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Lithuanian-Georgian relationship has institutionalized – Pkhaladze

Lithuanian-Georgian relationship has institutionalized – PkhaladzeIt would be more difficult to start such a war like in 2008, when Russia attacked Georgia since now there are some prevention mechanisms in place. Furthermore, the Russian Georgian war only increased Georgians' aspirations to join NATO, Tengiz Pkhaladze, the Chairperson of the International Centre for Geopolitical Studies in Georgia said to the Lithuania Tribune. Mr. Pkhaladze is also convinced that relationship between Lithuania and Georgia has evolved from being based on personal friendships to institutionalized bilateral relations. Read the interview which was conducted on 15 September in Riga, during Riga Conference 2012.

We would like to ask you about to the Russian-Georgian war of 2008. This conflict escalated quickly and it all was very sudden for us here in the Baltic States. Would you say that Georgia feels let down by its Western allies? Do you feel that NATO could have done more for Georgia in this war?

Tengiz Pkhaladze:

I think that the prevention mechanism is one of the important and significant questions here. My feeling in 2008 was that there was no such mechanism, which should work like an alarm, a wake up call.

Let us remember how 2008 started, when Mr. Putin announced the doctrine of "asymmetric answer". Nobody paid enough attention to this. If we look at the European or North-Atlantic security systems, there are strong disagreements between the key players: EU/USA and Russia, but despite this, the probability of a direct conflict is very low. "Asymmetric answer" means that the probability of conflict increases in a different region, in so-called 'weak regions' like ours.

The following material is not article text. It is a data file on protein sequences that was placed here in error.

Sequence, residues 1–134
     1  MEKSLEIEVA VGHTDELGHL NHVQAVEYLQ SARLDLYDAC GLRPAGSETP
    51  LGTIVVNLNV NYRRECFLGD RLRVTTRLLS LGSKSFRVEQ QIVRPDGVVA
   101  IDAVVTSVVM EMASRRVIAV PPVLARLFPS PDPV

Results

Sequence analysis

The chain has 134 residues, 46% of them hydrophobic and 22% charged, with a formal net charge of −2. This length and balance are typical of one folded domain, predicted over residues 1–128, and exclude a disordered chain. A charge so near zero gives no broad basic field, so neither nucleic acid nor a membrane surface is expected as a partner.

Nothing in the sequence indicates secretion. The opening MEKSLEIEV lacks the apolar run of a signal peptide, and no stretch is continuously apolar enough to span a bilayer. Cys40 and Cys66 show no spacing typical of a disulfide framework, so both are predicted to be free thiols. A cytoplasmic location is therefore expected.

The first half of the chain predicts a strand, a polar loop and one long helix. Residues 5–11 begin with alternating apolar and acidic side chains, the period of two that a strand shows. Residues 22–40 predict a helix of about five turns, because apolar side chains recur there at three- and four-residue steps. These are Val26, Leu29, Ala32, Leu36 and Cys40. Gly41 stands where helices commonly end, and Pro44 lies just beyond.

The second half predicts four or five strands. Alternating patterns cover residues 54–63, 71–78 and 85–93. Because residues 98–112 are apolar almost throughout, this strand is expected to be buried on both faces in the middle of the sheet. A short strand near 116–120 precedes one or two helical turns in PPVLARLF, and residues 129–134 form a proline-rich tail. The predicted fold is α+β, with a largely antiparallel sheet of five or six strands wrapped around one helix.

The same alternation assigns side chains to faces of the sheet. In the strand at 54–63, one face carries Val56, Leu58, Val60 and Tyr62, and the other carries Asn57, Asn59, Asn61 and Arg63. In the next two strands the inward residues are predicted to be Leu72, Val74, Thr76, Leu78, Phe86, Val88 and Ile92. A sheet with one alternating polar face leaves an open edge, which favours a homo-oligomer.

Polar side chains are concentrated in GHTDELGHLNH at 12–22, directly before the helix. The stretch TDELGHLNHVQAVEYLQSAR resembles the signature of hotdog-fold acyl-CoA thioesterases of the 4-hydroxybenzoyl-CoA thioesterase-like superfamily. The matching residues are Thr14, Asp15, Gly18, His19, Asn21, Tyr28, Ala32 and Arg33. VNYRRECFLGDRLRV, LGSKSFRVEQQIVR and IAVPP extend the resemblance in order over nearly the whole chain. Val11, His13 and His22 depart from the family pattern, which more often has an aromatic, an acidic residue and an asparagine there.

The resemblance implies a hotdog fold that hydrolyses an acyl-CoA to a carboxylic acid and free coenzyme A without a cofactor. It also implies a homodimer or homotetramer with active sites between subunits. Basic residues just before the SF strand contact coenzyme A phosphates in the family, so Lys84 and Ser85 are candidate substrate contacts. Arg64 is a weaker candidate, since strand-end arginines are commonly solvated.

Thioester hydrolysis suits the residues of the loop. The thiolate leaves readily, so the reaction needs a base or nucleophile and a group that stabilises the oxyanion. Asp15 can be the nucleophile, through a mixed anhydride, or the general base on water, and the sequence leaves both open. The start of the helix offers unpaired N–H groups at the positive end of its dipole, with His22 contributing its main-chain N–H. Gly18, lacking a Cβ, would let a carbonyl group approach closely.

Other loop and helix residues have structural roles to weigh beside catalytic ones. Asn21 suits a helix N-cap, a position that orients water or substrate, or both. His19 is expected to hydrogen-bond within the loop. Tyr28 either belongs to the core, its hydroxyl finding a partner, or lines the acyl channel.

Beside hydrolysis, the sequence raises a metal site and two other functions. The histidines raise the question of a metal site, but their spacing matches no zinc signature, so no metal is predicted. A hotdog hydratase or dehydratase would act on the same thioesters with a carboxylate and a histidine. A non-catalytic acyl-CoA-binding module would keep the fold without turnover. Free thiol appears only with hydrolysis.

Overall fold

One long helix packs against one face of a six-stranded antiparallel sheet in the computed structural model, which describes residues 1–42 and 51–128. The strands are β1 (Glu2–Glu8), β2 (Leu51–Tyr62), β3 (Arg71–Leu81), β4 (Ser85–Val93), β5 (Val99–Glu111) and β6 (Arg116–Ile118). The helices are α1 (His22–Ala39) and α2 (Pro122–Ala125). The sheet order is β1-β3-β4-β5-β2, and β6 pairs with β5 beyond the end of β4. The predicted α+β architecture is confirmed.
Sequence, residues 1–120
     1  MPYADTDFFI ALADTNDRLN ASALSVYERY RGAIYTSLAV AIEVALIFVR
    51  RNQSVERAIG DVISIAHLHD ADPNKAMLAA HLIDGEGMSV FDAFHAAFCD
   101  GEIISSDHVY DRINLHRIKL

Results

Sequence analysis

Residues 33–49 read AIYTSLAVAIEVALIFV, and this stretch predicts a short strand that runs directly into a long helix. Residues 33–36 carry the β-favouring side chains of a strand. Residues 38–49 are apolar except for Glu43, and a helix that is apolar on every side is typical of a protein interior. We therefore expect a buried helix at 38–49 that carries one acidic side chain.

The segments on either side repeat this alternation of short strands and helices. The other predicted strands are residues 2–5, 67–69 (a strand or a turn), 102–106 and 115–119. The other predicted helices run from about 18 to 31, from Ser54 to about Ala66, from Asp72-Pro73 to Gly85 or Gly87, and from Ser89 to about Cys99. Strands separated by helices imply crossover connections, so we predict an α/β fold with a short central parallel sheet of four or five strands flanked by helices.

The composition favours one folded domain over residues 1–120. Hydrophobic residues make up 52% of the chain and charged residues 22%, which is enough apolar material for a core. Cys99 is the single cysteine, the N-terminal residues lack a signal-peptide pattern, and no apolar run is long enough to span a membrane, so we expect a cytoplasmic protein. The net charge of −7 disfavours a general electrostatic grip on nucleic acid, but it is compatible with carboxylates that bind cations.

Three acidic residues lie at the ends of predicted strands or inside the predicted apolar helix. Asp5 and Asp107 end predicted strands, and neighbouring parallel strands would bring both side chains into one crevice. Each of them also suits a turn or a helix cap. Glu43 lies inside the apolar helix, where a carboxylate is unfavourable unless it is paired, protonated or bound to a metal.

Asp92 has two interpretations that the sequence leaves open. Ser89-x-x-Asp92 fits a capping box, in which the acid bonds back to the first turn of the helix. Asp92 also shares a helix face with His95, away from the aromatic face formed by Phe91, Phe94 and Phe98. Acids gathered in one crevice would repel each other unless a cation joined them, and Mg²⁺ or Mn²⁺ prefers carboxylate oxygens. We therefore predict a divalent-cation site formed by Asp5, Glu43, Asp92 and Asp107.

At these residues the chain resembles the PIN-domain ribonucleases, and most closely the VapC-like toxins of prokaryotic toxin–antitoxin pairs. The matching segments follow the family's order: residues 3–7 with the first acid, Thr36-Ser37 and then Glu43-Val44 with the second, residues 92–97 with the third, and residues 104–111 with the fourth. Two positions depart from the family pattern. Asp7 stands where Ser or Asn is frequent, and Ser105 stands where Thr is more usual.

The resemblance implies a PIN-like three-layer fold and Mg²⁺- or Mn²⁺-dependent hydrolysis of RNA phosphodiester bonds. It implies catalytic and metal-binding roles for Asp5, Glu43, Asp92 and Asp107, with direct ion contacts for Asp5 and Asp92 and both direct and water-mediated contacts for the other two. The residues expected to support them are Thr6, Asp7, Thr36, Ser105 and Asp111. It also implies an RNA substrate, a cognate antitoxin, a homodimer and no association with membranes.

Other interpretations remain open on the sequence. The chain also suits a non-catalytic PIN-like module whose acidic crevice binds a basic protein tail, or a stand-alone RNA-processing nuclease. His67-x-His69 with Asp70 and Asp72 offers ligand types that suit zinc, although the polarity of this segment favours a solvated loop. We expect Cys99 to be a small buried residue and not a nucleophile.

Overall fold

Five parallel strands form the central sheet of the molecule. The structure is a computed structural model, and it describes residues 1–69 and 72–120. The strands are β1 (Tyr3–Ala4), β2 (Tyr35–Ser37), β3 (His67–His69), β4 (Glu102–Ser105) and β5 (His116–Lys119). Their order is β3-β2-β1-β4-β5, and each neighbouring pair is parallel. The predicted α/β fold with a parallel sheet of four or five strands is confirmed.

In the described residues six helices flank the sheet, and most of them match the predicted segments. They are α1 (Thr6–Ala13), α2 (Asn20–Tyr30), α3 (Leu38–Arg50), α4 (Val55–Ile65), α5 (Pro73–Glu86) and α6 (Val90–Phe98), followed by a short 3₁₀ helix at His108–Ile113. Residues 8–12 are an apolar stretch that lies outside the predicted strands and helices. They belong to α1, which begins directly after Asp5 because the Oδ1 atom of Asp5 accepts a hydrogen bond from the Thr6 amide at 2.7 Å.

The same happened when Russia established direct relations with the so-called governments of the breakaway regions of Abkhazia and Ossetia; when they rebuilt their military infrastructure and so on.

I think the probation mechanism today is much stronger than it was in 2008, first of all because we now have an understanding of what happened, so we try to avoid the same mistakes, and by 'we' I am talking of the European countries.

When Russia carried out drills in the Caucasus, we saw support from NATO and the EU. For example, take the visit of six foreign EU ministers a few weeks ago.

Clearly, Russia's main goal in the war was to stop Georgia's Euro-Atlantic aspirations, but they were unsuccessful, as we had the Lisbon and Chicago summits' declarations, and we are moving forward. Therefore, I think that the probation mechanism is much stronger nowadays. At least we understand what is happening.

Did the war increase or reduce the Georgian population's aspiration to join NATO?

Actually, the latest opinion polls show it is the same, at about 80% of the population. The first reaction was of shock of course, because it was not just some kind of military operation, it was war. Perhaps there was disappointment for a few months, and we still have refugees and internally displaced people, but we remember the support of our European friends, we remember the visits of six presidents that came in a very dangerous period, and thanks to this support we kept our statehood and our country.

The Georgian population believes that the only way to preserve statehood is the way to NATO.